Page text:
The momentum is on Obama's side. Most of the polls are on Obama's side. Most of the trends are on Obama's side.

What isn't on Obama's side is the economy. If it were up on its feet and running well, this wouldn't even be a competition. Obama would be crushing Romney by double-digits.

But the economy isn't up and running well. It's staggering, stumbling and unsteady and that is still the biggest club Romney has to hammer Obama on. At the first debate Romney has to use that club if he wants to reset the race and change the trajectory of the polls.

To beat an incumbent president you have to be incredibly popular (Reagan) and possess far more charisma and charm (Clinton) than the incumbent. That, or there has to be a signature issue where the incumbent has failed. There are reasons for Republicans to be encouraged. The economy is Romney's best chance to draw a clear difference between himself and Obama.

The other factor that could shift the election is how dramatically will the new Voter I.D./suppression laws effect the election. My guess is probably more than Obama hopes it does but not as much as Romney hoes it does.

It's not over. Only a fool would say that it is. Or Cenk Uygur. But I repeat myself.... rolleyes.gif
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Raptavio
post Oct 2 2012, 06:06 PM
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Okay. I admit it, I just can't do it.

I was going to remain silent for the next month, and watch patiently as dear akaCG, bless his heart, goes out farther and farther on the "Teh polls are biased!!!2!!!" limb, and then as it snapped out from under him on Nov. 6, revel in the schadenfreude and point and laugh while he tumbles to the cold, hard ground of political reality.

But I just can't do it. Try as I might, I just can't be that mean. Better to give his fanciful delusions a mercy killing now. akaCG is resting his hopes on the belief that the polls grossly oversample Democrats, and this belief is based on the howlers circulating the right-wing side of the political blogosphere and punditocracy, reaching their zenith of laughworthiness at http://unskewedpolls.com/ .

As I've mentioned before, I'm a software developer by trade. I've also mentioned that I have a professional and academic background in statistics -- I've been a student teacher of statistics processing at the collegiate and graduate levels and my current job is to a great degree about statistics. Partisan though I am, it's very easy to avoid putting a partisan slant on how one views statistics when one understands the underlying mathematical principles.

It pained me in 2004 to see my brother Democrats cling to the false hope that the polls showing GW Bush was headed toward electoral victory were oversampling conservatives. Pollsters, by and large (more on this later), do not weight their polling based on their measures of party ID, so consistent oversampling poll after poll could only be considered plausible due to deliberate malfeasance of the polling firms. As polling firms' entire success relies upon their ability to demonstrate accuracy in relation to actual electoral outcomes, that theory doesn't pass the laugh test. And of course the polls (with a few notable exceptions) reflected the actual outcomes. And Democrats who didn't understand how polling works were bitterly disappointed.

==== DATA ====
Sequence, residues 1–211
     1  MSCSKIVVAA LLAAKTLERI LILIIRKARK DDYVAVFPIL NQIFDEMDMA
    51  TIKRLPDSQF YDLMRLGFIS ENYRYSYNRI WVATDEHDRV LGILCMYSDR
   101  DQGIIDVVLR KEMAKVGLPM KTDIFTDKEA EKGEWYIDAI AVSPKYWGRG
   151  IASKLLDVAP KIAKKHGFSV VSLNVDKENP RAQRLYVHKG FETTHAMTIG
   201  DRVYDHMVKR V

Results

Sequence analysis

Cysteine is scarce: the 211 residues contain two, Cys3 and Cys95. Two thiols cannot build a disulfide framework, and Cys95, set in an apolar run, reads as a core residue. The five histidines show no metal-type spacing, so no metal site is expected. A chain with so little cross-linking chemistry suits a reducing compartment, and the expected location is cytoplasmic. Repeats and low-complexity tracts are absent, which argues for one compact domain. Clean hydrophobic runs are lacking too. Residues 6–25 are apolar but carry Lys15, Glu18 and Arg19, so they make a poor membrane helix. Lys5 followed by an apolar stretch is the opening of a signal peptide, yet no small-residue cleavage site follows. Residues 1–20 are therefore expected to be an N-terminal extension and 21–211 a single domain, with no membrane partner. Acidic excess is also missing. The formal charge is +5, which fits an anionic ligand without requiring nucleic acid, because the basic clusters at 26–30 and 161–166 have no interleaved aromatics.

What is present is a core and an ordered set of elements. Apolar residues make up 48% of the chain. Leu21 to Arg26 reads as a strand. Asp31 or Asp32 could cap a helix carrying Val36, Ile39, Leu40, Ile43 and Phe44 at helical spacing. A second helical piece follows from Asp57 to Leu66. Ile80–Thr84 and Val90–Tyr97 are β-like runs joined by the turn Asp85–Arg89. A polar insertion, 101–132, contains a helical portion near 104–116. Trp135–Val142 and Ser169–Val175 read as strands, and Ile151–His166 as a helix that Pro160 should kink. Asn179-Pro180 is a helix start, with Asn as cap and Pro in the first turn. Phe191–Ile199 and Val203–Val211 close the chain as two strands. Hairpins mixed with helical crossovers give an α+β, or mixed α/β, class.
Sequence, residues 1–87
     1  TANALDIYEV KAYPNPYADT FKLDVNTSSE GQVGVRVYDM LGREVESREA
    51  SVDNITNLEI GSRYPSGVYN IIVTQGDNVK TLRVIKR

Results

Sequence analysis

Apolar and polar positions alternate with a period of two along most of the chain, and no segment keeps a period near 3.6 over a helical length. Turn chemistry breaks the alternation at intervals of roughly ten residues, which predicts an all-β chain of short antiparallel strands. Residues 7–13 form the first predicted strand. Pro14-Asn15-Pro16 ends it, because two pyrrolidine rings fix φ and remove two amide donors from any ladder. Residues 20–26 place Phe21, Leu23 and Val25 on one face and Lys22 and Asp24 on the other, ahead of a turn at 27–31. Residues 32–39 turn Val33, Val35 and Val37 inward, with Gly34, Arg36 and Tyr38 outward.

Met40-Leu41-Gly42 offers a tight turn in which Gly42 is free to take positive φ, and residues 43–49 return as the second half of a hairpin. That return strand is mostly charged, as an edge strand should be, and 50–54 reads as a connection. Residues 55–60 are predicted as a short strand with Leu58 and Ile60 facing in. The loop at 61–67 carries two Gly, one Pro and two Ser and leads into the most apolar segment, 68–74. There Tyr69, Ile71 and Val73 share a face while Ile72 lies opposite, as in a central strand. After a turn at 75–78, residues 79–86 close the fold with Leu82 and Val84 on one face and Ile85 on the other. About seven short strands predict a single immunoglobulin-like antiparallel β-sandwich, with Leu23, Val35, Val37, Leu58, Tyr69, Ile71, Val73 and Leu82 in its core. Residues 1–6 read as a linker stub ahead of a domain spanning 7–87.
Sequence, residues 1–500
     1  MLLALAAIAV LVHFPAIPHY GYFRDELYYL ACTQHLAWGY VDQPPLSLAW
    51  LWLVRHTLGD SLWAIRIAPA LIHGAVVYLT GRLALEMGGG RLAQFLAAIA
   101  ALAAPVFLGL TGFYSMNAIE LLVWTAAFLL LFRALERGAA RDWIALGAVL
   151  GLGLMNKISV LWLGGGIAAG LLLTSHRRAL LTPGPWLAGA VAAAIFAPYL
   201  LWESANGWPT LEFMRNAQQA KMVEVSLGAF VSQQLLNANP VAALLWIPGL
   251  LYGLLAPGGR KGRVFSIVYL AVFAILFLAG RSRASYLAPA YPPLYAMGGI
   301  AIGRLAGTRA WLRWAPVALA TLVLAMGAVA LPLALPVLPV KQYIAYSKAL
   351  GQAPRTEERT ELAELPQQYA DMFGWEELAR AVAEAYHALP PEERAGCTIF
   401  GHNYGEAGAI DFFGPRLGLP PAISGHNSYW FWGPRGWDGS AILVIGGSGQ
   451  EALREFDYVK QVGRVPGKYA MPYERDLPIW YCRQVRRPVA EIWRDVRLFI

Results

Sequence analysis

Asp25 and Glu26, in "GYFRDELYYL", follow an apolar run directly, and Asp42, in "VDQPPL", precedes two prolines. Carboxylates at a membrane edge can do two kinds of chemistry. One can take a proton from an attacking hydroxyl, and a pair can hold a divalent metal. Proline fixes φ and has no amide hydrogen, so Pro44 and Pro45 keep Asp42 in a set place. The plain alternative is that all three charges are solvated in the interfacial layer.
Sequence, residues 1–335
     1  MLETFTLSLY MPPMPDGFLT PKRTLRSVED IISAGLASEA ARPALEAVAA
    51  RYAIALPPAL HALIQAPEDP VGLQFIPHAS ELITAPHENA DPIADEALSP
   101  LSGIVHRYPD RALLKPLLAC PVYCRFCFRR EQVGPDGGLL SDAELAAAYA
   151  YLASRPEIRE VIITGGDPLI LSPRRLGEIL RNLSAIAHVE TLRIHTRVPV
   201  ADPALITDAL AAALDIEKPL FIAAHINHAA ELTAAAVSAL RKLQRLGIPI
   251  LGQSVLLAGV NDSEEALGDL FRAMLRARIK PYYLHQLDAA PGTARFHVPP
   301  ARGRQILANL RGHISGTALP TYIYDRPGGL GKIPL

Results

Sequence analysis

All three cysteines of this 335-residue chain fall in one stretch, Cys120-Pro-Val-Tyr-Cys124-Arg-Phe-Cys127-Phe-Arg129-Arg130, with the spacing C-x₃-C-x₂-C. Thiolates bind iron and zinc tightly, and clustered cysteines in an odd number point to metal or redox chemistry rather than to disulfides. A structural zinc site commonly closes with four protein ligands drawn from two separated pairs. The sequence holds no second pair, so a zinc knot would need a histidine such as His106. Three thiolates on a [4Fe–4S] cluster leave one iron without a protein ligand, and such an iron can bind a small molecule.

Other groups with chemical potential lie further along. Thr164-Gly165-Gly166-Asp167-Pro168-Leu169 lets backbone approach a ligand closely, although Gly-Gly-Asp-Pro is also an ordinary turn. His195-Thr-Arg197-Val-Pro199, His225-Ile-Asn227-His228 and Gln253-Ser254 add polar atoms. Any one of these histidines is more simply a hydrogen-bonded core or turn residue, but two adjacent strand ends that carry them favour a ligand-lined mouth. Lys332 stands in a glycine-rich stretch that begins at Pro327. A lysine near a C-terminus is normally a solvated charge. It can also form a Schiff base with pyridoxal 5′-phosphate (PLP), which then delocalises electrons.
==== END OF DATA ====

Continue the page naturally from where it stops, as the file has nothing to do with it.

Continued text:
And Republicans now are falling into the same trap, with the same laughworthy implausibility, and making people like akaCG their patsies in promoting this meme. I admit it's amusing to watch these people who don't understand statistics worth a crap twisting themselves into knots to try to make this theory seem valid. But it just isn't so.

(In fairness: In 2010 I got caught in a similar trap, noting that demographics were changing in an interesting way and that many people no longer had land lines, while pollsters by and large did not survey cell phone users. Looking at the relative demographics of cell-phone-only people led me to conclude that Ds would be undersampled. I wound up missing one Senate race (Kentucky's) by a fair margin and the control of the House by a wide margin based on that assumption. But that theory didn't require an assumption of deliberate skewing on the part of pollsters, at least.)

I'll pause here to include Nate Silver's remarks on this right-wing meme:

http://fivethirtyeight.blogs.nytimes.com/2...-partisan-bias/

I encourage reading the entire article as it's very informative, but here's a money quote:

QUOTE
Pollsters will re-weight their numbers if the demographics of their sample diverge from Census Bureau data. For instance, it is typically more challenging to get younger voters on the phone, so most pollsters weight their samples by age to remedy this problem.

But party identification is not a hard-and-fast demographic characteristic like race, age or gender. Instead, it can change in reaction to news and political events from the party conventions to the Sept. 11 attacks. Since changes in public opinion are precisely what polls are trying to measure, it would defeat the purpose of conducting a survey if pollsters insisted that they knew what it was ahead of time.


To bring this to real-world examples, as I said above, most pollsters do NOT weight their polling based on party ID, for reasons Nate Silver summarized above. But there are exceptions. The most notable, of course, is Rasmussen. And since the 2008 elections, as Rasmussen's weighting got less and less accurate, they became the most inaccurate major pollster in the 2010 midterms.

But let's bring this down to brass tacks, okay? Here are the facts: